Thursday, June 9, 2011

Coverage of common causes of death in the UK media

Is there a correlation between the diseases you read about in the news and what is actually likely to kill you?

Williamson, Skinner and Hocken (2011) studied the 10 most daily read newspapers in the UK s (The Sun, Daily Mail, The Mirror, The Telegraph, The Times, Daily Express, Daily Star, The Guardian, The Independent and the Financial Times) for a year, in order to see whether there's a correlation between the media reporting of illness and death and actual statistics.

Most common causes of death in the UK, according to the Office for National Statistics (table from the paper)

They searched each paper's site and recognized 18,482 articles covering the most common causes of death in the UK. They used 'media friendly' terms when it was necessary (for example: 'heart attack' instead of ‘ischaemic heart disease’).

The most common conditions reported were the Flu/pneumonia (6525 articles, 35.2%), ischaemic heart disease (3849 articles, 20.8%) and dementia (2577 articles, 13.9%). The least reported conditions were obstructive pulmonary disease (COPD) (95 articles, 0.5% of total) and heart failure (547 articles, 3%).

Pneumonia: third most common cause of death in the UK

In comparison with the number of deaths they cause every year, the Flu ⁄ pneumonia, prostate cancer, dementia and breast cancer have been mentioned extensively in the media. On the other hand, Cerebrovascular accidents (CVAs) and chronic obstructive pulmonary disease (COPD) are very underrepresented in the media.

The study suffers from several flaws: for one, the researchers don't know in which context their search terms appeared in the media; why were these diseases reported? They hypothesize, for example, that "prostate cancer" could have been reported because of the coverage of the Libyan Lockerbie bomber, Al-Meghari, or that the search term 'flu' could actually been 'swine flu' but they can't be sure.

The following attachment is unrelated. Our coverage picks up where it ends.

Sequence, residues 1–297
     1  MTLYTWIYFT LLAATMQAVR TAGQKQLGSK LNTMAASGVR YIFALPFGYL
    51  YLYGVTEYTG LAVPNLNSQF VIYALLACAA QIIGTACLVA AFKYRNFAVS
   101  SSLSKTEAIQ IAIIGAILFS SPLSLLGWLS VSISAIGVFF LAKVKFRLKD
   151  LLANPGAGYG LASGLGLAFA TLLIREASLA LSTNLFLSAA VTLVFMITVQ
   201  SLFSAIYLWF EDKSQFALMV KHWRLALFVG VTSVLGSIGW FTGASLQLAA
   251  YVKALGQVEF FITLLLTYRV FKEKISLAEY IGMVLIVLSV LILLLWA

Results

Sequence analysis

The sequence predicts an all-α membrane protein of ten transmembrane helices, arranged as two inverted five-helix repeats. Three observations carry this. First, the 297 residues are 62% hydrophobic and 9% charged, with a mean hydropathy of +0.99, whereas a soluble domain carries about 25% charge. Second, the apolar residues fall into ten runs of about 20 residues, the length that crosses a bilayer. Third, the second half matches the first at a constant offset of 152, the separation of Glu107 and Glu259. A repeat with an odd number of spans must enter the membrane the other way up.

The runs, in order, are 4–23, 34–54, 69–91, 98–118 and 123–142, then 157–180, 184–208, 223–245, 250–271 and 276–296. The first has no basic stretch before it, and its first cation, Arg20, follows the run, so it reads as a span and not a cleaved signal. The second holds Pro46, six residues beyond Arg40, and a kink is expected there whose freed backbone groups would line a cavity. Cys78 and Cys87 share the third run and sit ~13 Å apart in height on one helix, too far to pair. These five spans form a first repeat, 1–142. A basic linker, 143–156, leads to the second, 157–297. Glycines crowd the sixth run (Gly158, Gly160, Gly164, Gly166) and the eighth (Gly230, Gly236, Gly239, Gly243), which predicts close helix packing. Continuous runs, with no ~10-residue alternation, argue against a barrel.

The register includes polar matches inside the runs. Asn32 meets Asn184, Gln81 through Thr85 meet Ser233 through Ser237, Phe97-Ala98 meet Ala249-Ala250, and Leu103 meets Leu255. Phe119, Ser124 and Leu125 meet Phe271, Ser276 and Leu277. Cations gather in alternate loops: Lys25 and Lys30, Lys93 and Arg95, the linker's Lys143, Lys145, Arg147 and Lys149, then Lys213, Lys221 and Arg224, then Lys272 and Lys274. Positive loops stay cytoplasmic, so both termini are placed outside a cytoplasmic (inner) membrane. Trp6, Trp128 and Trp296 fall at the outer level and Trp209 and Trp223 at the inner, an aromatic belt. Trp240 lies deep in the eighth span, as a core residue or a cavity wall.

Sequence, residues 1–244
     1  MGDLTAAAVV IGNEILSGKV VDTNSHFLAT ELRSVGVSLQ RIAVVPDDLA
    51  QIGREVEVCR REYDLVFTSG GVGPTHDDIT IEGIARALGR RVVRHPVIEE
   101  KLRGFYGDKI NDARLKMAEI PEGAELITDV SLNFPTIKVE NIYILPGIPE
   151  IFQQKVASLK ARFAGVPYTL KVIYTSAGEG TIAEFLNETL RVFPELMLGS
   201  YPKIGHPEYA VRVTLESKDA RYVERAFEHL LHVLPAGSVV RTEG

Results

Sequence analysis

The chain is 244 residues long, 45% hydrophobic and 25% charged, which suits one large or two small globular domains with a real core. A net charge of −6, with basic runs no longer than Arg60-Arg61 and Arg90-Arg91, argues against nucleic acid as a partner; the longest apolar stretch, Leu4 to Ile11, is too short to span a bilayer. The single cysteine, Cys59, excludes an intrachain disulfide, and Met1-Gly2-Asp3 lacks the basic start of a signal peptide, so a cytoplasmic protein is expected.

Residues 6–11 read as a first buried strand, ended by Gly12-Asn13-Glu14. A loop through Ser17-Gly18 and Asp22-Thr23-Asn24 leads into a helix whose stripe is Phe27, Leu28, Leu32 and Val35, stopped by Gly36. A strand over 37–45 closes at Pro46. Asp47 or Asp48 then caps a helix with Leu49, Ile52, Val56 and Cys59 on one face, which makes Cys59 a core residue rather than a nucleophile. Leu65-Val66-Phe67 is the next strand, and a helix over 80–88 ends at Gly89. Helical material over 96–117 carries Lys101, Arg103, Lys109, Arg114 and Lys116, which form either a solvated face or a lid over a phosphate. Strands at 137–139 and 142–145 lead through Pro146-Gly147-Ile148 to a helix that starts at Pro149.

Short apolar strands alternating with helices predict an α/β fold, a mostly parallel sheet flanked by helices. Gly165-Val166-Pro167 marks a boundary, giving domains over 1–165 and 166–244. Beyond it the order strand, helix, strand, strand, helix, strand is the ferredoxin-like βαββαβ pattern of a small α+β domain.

There is, in my opinion, a large difference between a story mentioning prostate cancer as the reason for Al-Meghari's release from prison and a story about prostate cancer from the medical point of view. The Swine Flu has been indeed covered intensively lately, but that doesn't mean that the 'regular' flu has been covered, even though it's a common cause of death. The Swine Flu falls under 'health scare' while the regular flu doesn't, and treating both as 'flu' kind of misses the point. This study is more about "how many times diseases' names appear in the press" than about "the media and representations of common diseases".

Williamson, J.M., Skinner, C. I., & Hocken, D.B. (2011). Death and illness as depicted in the media International journal of clinical practice, 65 (5) : 21489079

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